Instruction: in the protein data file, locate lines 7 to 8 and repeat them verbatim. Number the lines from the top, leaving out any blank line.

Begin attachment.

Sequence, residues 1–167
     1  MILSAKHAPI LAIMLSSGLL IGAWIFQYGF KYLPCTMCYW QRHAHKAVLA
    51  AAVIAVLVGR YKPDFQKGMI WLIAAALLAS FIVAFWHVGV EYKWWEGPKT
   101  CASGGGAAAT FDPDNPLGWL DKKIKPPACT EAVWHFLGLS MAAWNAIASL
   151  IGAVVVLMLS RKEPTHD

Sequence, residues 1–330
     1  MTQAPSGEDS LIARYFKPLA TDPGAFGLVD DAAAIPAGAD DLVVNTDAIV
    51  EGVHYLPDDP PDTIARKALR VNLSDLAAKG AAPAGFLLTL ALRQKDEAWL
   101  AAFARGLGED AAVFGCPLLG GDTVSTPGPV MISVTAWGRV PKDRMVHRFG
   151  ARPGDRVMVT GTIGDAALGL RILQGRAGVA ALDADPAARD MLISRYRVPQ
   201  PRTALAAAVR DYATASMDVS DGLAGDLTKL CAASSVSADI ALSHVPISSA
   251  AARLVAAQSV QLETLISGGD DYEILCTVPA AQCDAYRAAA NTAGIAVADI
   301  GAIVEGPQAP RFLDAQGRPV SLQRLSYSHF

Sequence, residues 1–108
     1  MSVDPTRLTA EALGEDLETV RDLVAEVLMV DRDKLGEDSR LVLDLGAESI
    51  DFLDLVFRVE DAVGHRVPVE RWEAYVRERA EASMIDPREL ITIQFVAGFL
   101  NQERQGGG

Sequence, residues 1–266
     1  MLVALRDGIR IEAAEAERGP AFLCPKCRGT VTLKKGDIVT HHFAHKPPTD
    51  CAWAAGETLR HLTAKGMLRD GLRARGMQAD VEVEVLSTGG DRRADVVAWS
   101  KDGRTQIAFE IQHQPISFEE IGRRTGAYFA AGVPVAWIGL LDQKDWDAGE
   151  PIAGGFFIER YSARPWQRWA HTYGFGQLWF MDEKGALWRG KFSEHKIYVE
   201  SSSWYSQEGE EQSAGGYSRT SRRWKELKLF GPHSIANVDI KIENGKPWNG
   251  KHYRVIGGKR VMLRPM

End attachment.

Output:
     1  MTQAPSGEDS LIARYFKPLA TDPGAFGLVD DAAAIPAGAD DLVVNTDAIV
    51  EGVHYLPDDP PDTIARKALR VNLSDLAAKG AAPAGFLLTL ALRQKDEAWL